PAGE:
Todd Weber's Random Thoughts

November 25, 2010

Thanksgiving Day Thought

It is Thanksgiving Day, 2010, and as I consider this nation which I am bless to call my own, I am once again awed by its greatness and wonder. It is truly unique as the freest, safest, most prosperous and benevolent nation in the history of mankind.

Yet, there is also a twinge of apprehension and uncertainty as to how long it may endure. Forces of fundamental change have pushed us to the edge of a precipice from which, once overstepped, there may be no return. To avoid this will require the attention, self-discipline and thoughtful participation of a majority of citizens.

It is time for Americans to put aside trivial, meaningless pursuits, entertainments, idleness and apathy, and engage in rational thought and debate of the complex and weighty matters presently facing our nation. We must turn off the frivolous “reality” shows, sitcoms, and celebrity worship and exercise our minds toward dealing with substantive issues that truly matter. Let us cease thinking only of ourselves and our immediate comfort and gratification, and focus on what is best for the nation as a whole, both now and in the future. Such a focus will likely require a willingness to make sacrifices. As our forefathers sacrificed their fortunes and their lives to create this great nation, let us muster the same readiness to preserve it.

I urge you to take time to educate yourself regarding the pressing issues of the day, and also to learn about the origins of our nation. Read the writings of the founders of America, such as George Washington, John Adams, Thomas Jefferson, James Madison and others. Study also those who influenced them, such as Adam Smith, John Locke, Henry Blackstone, Cicero, and Montesquieu.

The United States of America has not survived and prospered by luck or accident. It has done so because of the wise and prudent principles upon which it was founded, among which are the right to life, liberty and the pursuit of happiness; limited government; free-market capitalism; the rule of law; freedom of religion; and equal rights for all.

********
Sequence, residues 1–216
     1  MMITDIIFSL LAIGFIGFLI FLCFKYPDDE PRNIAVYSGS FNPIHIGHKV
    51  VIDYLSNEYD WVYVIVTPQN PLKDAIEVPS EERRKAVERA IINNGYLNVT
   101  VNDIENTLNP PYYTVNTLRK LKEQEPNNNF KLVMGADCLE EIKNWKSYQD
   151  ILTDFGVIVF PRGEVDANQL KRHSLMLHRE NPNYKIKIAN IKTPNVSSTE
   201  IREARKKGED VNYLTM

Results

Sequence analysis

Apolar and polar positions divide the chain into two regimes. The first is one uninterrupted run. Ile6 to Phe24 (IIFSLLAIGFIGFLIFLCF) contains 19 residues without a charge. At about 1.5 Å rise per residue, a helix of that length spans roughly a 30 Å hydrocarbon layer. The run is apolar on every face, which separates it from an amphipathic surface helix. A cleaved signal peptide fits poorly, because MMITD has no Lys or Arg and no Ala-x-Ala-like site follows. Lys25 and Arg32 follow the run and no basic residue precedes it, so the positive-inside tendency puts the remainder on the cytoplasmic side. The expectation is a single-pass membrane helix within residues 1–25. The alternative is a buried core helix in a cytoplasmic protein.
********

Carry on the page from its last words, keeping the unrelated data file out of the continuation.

Freedom is not free and the cost of citizenship in a free society is active participation in order to keep it free, safe and prosperous for all. Too many have either forgotten or never learned of this duty. As fellow citizens, we owe it to one another and to future generations to take seriously the responsibility of self-government – a rare opportunity in human history.

Have a happy Thanksgiving Day!

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October 31, 2010

No Shame in Being the Party of No

Filed under: Politics — Tags: , , , , , , , — tkweber @ 3:22 pm

Change is not always a good thing. Democrats often call Republicans “the Party of No” and accuse them of having no vision for the future of America because they oppose the progressive agenda. However, Republicans – or more accurately, Conservatives – do in fact have a vision for America and are equally passionate about it as the liberal progressives are about theirs. The Conservative vision for America does not involve changing the nation into something new, but rather changing it back to what it once was. The Conservative vision involves returning our nation to the principles upon which it was founded, and includes reducing the size and power of government and realigning it with the limited powers enumerated in the Constitution.